I don’t know what is the experience that you have, but if you are just starting, you might be better with a visual basic language, where you are able to add and modify those controls that you want to create, combo boxes, list boxes, buttons, and all of that. As higher is the level of the language that you want to use, it is more easy to be handle for us, but at the same time it imply that it will use more computer resources, and more dependency of the operating system. As lower is the level of the language that  you want to use, you are closer of the machine language, so the computer will use less resources, and it will be more independent of the operating system.

However, if you want to use controls like combo boxes , buttons, and all of that, other choice that you have is the web development. A web app runs on a server, no matter if the visitors are working on a Mac Os or on a windows computer.

Choices for web development are many but ASP and PHP are the most common today. ASP web apps runs on windows servers, but the pages are going to be seen on whatever operating system with a software to browse on internet. PHP runs on apache web servers, but the web pages are going to be seen on computers with operating systems that support web browsing.\

So at the end, no difference.

 

 

 

 

From: main@jfw.groups.io [mailto:main@jfw.groups.io] On Behalf Of Annabelle Susan Morison
Sent: Thursday, August 24, 2017 8:50 AM
To: main@jfw.groups.io
Subject: Programming Language

 

Hi, it's Annabelle.

I hope that some of you fellow JAWS members might have an easy solution to this problem I'm having. I am a beginner at computer programming, and I want to make a program with a language that is not only accessible to screen readers like JAWS, but is universal across Mac and Windows operating systems. I want to learn how to program things like buttons, checkboxes, radio buttons, paragraphs, textboxes, sections, combo boxes, listboxes, tree views, progress bars, scroll bars, list views, and sliders. I'd like to try the C++ Programming Language, recommended to me by my friend, Markus Johnson (Yes, that's "Markus" with a "K", and not a "C"), but I'm not sure how to configure codes for things like buttons, checkboxes, listboxes, comboboxes, hotkeys, and radiobuttons. Do I just write these codes in a plain text editor like Notepad? I'm confused on this one! But another friend of mine, Marc-Pierre Verge, tells me I should use Python. Now I'm really confused! Which language would you recommend? The program that I'm making is an app that I like to call "Ceremony Script Generator". This is an app that contains fillable forms, then generates a finished script in paragraphs and sections. There are different ceremonies for which customers can design a script with wordings of their choice. Basically, with this program, you can generate scripts for Wedding ceremonies, Baptism/dedication/christening/naming ceremonies, and funeral ceremonies/memorial services. In this Email, I will attach an example of a ceremony I've made. This Email will also contain part of my soon-to-be program. Here are some examples of the App I want to make. These are in HTML, but I want to learn how to code them in a different programming language. If you open these in a plain text editor like Notepad, you'll be able to see the source code I've made. One thing I'd like to learn is how to hide a textbox ("Last Name For Couple") and show two other textboxes ("Last Name For Spouse 1" and "Last Name For Spouse 2") when a checkbox ("The Couple Plans To Use The Same Last Name After Marriage") is unchecked, and vice versa when the checkbox is checked. And here is an example of what I want to generate in paragraphs and sections when customers complete all the steps. Read the source code in either a web browser or a plain text editor, and you'll see what I'm trying to generate. I don't want to create a program for running on a website, but I want to create a program that runs within the operating system.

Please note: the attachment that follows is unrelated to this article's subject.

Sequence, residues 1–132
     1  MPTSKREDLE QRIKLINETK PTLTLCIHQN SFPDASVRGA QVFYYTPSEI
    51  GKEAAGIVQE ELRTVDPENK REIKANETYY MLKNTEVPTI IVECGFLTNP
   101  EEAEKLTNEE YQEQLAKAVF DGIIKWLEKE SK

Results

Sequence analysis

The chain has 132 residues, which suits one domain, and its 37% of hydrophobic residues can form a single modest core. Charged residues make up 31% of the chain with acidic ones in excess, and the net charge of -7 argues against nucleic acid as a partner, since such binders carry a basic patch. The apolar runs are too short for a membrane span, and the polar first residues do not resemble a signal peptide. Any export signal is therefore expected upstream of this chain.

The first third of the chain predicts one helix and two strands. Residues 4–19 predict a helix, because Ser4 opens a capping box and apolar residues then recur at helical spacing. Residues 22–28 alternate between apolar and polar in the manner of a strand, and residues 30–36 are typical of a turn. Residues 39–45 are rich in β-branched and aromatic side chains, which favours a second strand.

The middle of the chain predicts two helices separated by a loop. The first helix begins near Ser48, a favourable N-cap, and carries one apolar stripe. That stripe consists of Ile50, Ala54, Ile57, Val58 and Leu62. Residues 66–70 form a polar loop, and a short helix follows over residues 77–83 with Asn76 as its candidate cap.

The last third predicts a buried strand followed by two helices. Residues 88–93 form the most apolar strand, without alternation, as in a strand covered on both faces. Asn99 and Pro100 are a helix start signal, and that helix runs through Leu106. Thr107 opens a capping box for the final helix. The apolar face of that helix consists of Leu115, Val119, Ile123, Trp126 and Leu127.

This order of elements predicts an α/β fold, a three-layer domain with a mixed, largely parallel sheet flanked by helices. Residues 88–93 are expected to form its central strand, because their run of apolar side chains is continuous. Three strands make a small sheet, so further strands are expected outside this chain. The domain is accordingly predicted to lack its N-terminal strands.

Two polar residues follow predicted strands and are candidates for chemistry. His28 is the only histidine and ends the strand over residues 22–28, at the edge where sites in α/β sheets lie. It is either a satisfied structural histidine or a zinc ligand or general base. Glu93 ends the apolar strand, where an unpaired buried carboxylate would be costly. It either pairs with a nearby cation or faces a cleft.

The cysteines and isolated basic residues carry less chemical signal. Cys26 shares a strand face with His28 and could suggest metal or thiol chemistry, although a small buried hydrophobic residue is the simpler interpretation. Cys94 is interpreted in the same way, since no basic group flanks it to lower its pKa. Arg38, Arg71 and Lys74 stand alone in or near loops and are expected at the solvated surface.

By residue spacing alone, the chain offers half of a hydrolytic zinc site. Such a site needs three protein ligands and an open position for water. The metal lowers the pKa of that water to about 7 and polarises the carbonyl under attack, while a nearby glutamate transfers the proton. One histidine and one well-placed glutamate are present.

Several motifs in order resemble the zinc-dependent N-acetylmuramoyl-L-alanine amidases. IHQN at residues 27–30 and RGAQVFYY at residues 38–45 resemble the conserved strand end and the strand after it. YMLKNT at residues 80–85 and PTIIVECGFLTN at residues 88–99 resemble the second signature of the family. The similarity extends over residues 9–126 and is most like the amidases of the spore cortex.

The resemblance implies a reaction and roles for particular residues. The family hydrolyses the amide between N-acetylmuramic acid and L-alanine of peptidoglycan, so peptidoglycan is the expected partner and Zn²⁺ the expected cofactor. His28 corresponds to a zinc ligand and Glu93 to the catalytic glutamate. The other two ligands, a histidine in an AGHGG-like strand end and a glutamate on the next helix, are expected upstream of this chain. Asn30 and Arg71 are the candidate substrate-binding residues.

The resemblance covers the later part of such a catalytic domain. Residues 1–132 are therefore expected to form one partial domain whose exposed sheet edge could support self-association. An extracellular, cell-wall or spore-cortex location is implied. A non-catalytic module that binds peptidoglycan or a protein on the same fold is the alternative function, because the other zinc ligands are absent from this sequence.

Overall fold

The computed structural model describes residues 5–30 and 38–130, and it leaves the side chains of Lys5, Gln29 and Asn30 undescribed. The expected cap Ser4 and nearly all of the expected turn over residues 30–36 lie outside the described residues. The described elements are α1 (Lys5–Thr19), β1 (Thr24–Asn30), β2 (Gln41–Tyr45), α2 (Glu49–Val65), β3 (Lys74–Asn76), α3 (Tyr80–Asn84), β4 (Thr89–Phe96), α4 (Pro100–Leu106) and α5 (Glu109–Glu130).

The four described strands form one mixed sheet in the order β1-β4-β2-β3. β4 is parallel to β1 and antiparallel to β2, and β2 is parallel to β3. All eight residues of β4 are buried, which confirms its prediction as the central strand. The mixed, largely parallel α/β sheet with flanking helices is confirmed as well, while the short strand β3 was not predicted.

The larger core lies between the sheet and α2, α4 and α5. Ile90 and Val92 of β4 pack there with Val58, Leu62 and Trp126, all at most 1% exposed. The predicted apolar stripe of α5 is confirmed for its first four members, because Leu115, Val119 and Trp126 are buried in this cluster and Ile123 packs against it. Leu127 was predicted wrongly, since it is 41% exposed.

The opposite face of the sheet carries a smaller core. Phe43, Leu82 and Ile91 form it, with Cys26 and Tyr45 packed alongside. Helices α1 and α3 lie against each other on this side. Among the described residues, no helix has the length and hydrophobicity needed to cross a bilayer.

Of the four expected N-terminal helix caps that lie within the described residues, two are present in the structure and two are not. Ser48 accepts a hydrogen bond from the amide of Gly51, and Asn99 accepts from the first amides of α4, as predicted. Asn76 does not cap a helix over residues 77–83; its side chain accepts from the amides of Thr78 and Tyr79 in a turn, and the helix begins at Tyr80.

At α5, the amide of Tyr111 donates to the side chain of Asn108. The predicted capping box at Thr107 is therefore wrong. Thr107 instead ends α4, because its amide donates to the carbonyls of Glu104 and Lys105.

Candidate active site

Re: files list how to?

Mario
 

if you're using Windows 7, tab from the list of files to and enter on a
name split button, then you'll be returned to the list of files which
should be reversed, in your case ascending order (sorted A to Z).

I think this also applies to Windows 10.

-------- Original Message --------
From: Mark Furness [mailto:flintman57@...]
Sent: Thursday, Aug 24, 2017 8:09 AM EST
To: main@jfw.groups.io
Subject: files list how to?

How does one change the list of files back into alphabetical order going
a to z?

Mine change but I wish it back to the way jit was!!!!

Thank you for all your help!

Mark F.

onward through the fog!

Re: Programming Language

Annabelle Susan Morison
 

I'd rather make a program that could run on a computer rather than the web. And I'm trying to figure out, which programming language would be accessible to both sighted and visually impaired customers alike?



From: main@jfw.groups.io [mailto:main@jfw.groups.io] On Behalf Of Pablo Morales